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Skewed Priorities

Dec 16, 2008
The first ripples are spreading from the center of the financial debacle.

It looks like the White House will have to do an end run around its own party to bail out the auto industry,1 in hopes of saving three million jobs.2 Senate republicans have blocked a Congressional plan to provide a few billion in loans to the industry,3 a plan that even included turning the industry on its head and handing over future business decisions to a “Car Czar” to be appointed by Bush. The Republicans in the Senate wouldn’t buy it without enormous concesssions in pay and benefits from the unions, which have already done more than their part to sustain their industry.

And where is the justice or equity in seven hundred billion taxpayer dollars hastily handed over unconditionally to Wall Street following its shameful despoliation of world finance, and not one dime to bolster an admittedly flawed industry, but one upon which depends a significant percentage of working Americans?

And then there is Republic Windows and Doors.4 When Bank of America pulled the plug on the Chicago company’s line of credit, the owners told the unionized workers the 40-year-old company would close its doors in three days and, gosh, they didn’t think they had the money for the 60-day severance or accrued vacation pay the law required them to provide the workers. So the workers staged a six-day sit-in at the factory. Three-way negotiations among the union, the company, and the banks resulted in the offer of loans sufficient for the company to pay its obligations to the workers. Whether they will or not, however, since the company filed for bankruptcy on December 12, may still be in doubt. Workers are scandalously far from the front of the line of creditors in bankruptcy proceedings. Meanwhile, Republic has renamed itself Echo, moved to Iowa, and opened its factory with nonunion labor.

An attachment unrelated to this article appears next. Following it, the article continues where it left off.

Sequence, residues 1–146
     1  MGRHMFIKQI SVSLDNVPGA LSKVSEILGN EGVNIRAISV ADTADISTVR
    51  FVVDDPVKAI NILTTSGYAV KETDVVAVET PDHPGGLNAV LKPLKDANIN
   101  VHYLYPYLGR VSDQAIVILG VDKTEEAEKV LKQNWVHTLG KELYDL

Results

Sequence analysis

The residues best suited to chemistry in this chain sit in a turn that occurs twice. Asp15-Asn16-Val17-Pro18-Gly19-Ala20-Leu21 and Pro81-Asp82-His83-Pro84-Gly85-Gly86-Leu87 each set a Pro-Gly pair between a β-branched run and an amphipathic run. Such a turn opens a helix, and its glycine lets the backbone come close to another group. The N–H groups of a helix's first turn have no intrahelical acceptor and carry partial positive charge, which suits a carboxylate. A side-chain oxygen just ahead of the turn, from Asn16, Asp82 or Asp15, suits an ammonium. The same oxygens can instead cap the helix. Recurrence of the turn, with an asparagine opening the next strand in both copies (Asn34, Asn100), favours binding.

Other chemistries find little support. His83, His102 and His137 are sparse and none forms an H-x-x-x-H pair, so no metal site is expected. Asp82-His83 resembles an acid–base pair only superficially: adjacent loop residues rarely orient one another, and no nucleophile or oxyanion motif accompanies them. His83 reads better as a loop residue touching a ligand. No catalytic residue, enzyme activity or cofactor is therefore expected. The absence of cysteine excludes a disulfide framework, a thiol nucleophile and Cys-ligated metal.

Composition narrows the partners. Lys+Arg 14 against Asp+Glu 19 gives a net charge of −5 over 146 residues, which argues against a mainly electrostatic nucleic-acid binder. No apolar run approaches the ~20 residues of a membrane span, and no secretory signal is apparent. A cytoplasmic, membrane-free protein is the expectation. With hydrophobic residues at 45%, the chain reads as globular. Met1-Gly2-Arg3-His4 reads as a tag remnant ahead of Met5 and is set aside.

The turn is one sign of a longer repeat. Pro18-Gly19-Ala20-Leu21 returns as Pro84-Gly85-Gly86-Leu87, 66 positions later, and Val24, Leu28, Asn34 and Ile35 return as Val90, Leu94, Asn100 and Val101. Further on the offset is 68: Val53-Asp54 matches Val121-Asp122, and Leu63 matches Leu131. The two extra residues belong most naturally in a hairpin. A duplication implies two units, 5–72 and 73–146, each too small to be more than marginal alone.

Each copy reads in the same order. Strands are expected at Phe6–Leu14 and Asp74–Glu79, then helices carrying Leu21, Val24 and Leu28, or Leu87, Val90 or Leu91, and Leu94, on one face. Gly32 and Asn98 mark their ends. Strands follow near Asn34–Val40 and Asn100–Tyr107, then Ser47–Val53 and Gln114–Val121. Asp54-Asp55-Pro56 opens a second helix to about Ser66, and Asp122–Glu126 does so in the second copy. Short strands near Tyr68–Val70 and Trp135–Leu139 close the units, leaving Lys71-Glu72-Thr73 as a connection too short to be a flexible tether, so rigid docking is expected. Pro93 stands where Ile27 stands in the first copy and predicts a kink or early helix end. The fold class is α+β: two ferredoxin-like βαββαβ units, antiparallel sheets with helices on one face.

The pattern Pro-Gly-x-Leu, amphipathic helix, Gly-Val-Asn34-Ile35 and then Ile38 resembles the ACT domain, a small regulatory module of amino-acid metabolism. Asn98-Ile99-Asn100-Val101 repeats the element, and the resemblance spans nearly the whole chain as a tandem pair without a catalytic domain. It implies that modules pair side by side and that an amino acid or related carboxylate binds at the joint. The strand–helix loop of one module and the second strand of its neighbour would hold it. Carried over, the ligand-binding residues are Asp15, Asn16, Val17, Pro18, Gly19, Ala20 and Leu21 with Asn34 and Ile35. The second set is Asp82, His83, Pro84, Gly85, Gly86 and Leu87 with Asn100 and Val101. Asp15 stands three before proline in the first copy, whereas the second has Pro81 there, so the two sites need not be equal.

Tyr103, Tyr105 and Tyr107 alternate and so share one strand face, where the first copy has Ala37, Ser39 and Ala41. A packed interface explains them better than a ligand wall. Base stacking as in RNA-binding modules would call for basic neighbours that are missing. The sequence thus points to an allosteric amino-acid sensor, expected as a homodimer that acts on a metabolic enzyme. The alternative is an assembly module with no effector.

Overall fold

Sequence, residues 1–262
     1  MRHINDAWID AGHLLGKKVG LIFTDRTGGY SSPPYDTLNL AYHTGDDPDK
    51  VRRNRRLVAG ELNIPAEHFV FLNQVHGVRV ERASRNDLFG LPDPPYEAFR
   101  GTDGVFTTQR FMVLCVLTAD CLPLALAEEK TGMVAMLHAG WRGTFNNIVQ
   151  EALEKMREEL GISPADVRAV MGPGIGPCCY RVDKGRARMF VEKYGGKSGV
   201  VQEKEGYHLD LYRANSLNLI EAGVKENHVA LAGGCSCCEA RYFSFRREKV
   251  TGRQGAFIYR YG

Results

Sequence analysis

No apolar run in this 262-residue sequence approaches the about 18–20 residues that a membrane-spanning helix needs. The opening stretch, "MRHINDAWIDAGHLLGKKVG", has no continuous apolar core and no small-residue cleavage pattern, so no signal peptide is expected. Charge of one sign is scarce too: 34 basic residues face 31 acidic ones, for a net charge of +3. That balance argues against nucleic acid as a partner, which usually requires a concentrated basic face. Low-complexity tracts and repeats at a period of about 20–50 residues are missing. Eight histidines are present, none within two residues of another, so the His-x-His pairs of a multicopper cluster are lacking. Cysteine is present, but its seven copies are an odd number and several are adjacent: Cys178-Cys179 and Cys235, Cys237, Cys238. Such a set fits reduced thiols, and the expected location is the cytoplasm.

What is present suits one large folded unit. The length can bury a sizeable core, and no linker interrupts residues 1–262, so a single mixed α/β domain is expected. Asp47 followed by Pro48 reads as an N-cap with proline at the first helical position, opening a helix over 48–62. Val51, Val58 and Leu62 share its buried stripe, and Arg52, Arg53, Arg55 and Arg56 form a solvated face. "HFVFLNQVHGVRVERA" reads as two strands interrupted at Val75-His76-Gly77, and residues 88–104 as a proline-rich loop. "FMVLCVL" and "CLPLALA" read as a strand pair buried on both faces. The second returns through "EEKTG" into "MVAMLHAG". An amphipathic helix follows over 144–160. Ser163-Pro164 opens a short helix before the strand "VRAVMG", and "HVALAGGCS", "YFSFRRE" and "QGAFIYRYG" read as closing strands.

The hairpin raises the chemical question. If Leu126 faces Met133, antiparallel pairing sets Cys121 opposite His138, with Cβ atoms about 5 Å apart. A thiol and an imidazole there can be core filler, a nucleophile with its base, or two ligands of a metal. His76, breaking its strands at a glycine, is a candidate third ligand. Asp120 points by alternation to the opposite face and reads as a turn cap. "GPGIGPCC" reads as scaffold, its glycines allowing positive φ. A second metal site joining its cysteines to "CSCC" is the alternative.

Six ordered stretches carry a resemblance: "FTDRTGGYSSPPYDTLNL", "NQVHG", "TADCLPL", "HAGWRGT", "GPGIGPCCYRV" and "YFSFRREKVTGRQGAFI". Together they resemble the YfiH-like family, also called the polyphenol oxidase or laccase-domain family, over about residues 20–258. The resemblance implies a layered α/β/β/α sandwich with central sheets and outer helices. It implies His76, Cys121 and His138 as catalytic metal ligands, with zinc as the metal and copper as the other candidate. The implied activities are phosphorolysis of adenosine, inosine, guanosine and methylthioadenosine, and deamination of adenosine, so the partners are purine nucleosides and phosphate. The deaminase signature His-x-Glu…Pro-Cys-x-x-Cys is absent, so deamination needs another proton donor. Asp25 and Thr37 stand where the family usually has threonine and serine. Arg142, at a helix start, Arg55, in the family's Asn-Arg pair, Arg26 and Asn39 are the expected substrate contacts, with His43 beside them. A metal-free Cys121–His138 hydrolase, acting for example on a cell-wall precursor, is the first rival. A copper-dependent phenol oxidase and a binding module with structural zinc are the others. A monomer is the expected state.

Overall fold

That the Republic workers’ sit-in to obtain rights assured them by law should be described in the Times as “risky,” “militant,” and “potentially dangerous,” speaks volumes to the skewed priorities that result in a system where capitalism is the master and not the servant of the people.

We need to get money into the pockets of regular Americans, not continue to pick those pockets for the benefit of the superwealthy. Everyone knows this, but as of last weekend, no one in Washington had done anything about it.
1 White House Ready to Aid Auto Industry, by Stephen Labaton and David M. Herszenhorn, from the New York Times, December 12, 2008 (accessed December 13, 2008)
2 Over 3 million jobs would disappear if U.S. auto-makers go bankrupt, from Economic Policy Institute, December 3, 2008 (accessed December 11, 2008)
3 Senate Abandons Automaker Bailout Bid, by David M. Herszenhorn and David E. Sanger, from the New York Times, December 11, 2008 (accessed December 13, 2008)
4 Even Workers Surprised by Success of Factory Sit-In, by Michael Luo and Karen Ann Cullotta, from the New York Times, December 12, 2008 (accessed December 13, 2008)
tags: Business | Labor

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